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19 April 2005 Corporate Press Release
Codeshare Services with Air China to Cover Hangzhou and Wuhan

(HONG KONG) Building on previous agreements, Dragonair will operate codeshare services with Air China to two additional points in Mainland China, Hangzhou and Wuhan, from May 15. The announcement brings the number of routes on which the two airlines codeshare to seven.

"Our codeshare relationship with Air China continues to deepen, bringing the twin benefits of greater choice and increased accessibility to our customers," said Chief Executive Officer Stanley Hui.

Dragonair operates three flights a day to Hangzhou and the number available to eligible passengers will rise to four with the addition of Air China's services. Air China does not fly between Hong Kong and Wuhan, but the agreement will see it market Dragonair's twice-weekly service to the city to its customer base.

"Air China has an extensive distribution network in the Mainland, making it easier for our passengers to buy tickets on the codeshare services," Mr. Hui noted.

Dragonair currently has codeshare agreements with Air China on flights from Hong Kong to Beijing, Chengdu, Chongqing, Dalian, and Tianjin. It also has a codeshare agreement with China Southern Airlines covering the Hong Kong-Guangzhou route.
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Old April 28th, 2005, 02:56 PM   #927
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19 April 2005
Dragonair Sees Cargo Volumes Climb 57% in March
Corporate Press Release

(HONG KONG) Cargo volumes surged in March as factories in the Mainland ramped up production following the Lunar New Year holidays, while the Easter holidays provided a boost to passenger numbers.

"As expected, cargo saw a rebound in March following the Lunar New Year holiday period in February," said Dragonair CEO Stanley Hui. "The amount of freight we carried jumped 57.3% month-on-month to 34,012 tonnes.

"The momentum is expected to carry forward into April."

Double-digit growth was also recorded on a year-on-year basis, with the airline carrying 23.7% more cargo than in March 2004.

"This was due to a number of factors, including increased freight capacity in our fleet and the addition of new destinations to our all-cargo network in the last 12 months," Mr. Hui explained.

For the first quarter as a whole, the amount of cargo carried jumped 22% compared with the same period last year.

"It has been a very good quarter for both cargo and passengers, with both posting double-digit-gains."

Passenger numbers rose 16.4% in the quarter. They also posted a rise in March, up 7.4% on February and 16% on March last year.

"More than 400,000 passengers flew with Dragonair in March," Mr Hui noted. "Business traffic to both Beijing and Shanghai was strong during the month. Elsewhere in our network we saw a rise in leisure travel, especially to Bangkok, as people made the most of the Easter holidays."
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Old April 28th, 2005, 02:57 PM   #928
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Hangzhou Airport future growth to benefit from robust YRD economy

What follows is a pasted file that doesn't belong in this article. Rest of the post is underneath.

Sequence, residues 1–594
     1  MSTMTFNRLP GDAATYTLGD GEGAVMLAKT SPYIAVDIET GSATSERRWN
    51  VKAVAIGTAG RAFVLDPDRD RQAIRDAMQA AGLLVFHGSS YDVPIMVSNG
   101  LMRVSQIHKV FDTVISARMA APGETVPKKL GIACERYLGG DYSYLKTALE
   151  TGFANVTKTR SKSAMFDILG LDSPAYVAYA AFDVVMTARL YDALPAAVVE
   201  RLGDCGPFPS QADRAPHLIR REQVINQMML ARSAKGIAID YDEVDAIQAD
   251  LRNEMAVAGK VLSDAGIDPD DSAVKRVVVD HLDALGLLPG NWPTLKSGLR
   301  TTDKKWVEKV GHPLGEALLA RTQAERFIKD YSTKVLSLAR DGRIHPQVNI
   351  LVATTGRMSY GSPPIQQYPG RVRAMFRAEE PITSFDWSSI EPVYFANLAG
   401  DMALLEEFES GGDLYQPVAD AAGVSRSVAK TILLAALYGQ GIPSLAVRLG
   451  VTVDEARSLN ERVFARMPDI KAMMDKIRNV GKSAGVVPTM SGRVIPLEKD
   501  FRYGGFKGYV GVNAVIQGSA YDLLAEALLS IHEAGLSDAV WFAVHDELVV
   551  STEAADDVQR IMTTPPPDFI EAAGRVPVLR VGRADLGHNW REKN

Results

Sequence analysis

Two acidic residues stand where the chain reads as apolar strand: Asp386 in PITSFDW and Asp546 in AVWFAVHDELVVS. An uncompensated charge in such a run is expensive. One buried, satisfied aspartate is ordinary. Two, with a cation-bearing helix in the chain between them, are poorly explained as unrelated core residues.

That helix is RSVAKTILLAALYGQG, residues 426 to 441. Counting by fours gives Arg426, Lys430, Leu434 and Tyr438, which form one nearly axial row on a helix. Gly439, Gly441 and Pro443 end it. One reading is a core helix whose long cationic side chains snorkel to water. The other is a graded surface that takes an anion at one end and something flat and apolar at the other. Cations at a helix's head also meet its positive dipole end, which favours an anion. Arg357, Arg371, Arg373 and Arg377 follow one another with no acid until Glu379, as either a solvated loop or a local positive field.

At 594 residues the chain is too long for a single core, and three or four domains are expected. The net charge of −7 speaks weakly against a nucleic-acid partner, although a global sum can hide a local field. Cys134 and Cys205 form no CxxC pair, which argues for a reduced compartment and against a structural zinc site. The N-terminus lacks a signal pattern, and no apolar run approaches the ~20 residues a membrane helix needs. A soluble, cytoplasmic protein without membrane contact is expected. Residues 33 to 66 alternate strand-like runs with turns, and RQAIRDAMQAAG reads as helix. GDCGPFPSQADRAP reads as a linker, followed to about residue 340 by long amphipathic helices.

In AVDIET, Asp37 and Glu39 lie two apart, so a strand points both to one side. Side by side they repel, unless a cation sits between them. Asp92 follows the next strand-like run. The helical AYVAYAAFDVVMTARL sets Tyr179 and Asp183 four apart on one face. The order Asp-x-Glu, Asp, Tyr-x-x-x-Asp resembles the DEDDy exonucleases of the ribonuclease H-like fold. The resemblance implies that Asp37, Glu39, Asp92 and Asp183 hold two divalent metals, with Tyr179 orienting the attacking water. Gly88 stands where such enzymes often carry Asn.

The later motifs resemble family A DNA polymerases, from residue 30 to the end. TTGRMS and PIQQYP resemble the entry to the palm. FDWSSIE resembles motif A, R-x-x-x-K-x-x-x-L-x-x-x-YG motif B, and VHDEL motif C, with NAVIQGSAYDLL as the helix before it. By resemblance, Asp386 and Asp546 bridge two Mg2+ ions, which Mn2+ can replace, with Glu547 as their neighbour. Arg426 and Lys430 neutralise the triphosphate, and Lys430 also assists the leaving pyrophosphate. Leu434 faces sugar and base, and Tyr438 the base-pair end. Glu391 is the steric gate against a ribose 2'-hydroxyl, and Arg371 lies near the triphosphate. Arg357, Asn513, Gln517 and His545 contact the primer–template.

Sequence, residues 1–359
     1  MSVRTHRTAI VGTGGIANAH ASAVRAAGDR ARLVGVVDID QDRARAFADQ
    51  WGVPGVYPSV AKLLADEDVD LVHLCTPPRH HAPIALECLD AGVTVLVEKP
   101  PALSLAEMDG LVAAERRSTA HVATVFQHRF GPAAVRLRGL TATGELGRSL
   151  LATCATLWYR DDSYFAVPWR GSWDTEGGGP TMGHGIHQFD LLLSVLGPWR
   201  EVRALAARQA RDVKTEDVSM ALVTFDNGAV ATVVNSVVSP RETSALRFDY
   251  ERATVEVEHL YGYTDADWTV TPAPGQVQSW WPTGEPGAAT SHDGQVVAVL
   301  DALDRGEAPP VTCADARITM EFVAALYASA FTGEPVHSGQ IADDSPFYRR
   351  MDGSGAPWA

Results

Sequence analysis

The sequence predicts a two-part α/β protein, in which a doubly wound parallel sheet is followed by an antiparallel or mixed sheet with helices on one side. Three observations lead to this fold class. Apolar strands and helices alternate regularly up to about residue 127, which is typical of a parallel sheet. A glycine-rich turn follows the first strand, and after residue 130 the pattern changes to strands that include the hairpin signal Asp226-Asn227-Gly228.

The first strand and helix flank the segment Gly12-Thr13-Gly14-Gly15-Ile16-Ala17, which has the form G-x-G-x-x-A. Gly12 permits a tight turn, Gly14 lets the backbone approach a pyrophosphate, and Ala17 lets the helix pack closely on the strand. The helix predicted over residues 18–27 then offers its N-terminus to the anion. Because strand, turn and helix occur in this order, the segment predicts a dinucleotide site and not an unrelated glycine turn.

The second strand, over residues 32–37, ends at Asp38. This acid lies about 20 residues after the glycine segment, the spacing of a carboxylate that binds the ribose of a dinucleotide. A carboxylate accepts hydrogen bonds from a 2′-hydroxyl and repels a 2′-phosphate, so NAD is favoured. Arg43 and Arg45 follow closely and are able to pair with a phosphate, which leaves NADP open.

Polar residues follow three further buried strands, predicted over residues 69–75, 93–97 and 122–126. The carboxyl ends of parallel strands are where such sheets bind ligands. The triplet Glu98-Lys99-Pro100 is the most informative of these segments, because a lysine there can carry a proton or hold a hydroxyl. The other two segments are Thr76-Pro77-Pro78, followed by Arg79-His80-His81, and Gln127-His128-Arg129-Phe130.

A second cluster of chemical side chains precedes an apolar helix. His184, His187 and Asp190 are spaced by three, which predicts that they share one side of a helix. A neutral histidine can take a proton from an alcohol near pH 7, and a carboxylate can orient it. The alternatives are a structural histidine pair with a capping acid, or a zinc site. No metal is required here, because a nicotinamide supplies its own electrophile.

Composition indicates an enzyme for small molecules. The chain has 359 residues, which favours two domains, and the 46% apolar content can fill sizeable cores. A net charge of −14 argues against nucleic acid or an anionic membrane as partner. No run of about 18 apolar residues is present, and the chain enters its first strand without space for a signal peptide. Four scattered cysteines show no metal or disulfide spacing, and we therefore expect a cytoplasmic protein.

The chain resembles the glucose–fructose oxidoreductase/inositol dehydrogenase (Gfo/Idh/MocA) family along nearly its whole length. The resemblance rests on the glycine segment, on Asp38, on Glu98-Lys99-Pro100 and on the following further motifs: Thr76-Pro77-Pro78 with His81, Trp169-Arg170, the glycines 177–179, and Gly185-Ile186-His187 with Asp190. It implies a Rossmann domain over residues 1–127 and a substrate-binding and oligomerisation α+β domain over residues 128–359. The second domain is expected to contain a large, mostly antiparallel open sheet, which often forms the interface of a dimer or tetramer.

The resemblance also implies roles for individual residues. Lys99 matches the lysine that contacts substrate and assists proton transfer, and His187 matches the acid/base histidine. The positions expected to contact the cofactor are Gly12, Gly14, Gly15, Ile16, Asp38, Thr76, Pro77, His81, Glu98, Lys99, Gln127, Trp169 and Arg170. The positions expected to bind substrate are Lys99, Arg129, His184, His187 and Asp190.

(HONG KONG, 16 April 2005) -- The net profit of Hangzhou Xiaoshan International Airport (HXIA) is expected to increase at a compound average growth rate in excess of 20 per cent in the next five years, with robust economic growth in its home market at Yangtze River Delta.

The airport, which started operation in December 2000, was quick to attain positive cash flow in the second year of its operation and became profitable in 2004, the fourth year after the airport opened.

The high percentage of fixed costs in the airport business sees new airports reporting operating losses in the early years. The profit level will increase at an accelerated rate with passenger and cargo traffic reaching a critical mass.

In 2005, it is estimated that the net profit of HXIA, inclusive of Airport Construction Fee, will amount to RMB233 million, equivalent to a price earning multiple of about 24 times.

In 2004, the earning of HXIA amounted to RMB175 million, including an audited net profit of RMB85 million and a RMB90 million refund of the Airport Construction Fee from the government. The inclusion of Airport Construction Fee as part of an airport’s revenue is consistent with the accounting practice adopted by other mainland airports including Beijing, Guangzhou and Hainan Meilan.

“Airport Authority Hong Kong (AA) is satisfied with the financial performance of HXIA, its future earning potentials and considered the valuation reasonable. Besides financial return for Hong Kong International Airport, the investment in Hangzhou Airport by AA will enhance the passenger and cargo flow of both airports and generate significant economic benefit for both Hong Kong and Hangzhou.” said Mr Raymond Lai, AA’s Finance Director.

The HXIA was valued at approximately RMB3.7 Billion. On Friday (15 April) AA signed an agreement to invest approximately RMB1.9 Billion through a capital increase subscription for a 35 per cent stake in a new joint venture company to be formed with HXIA.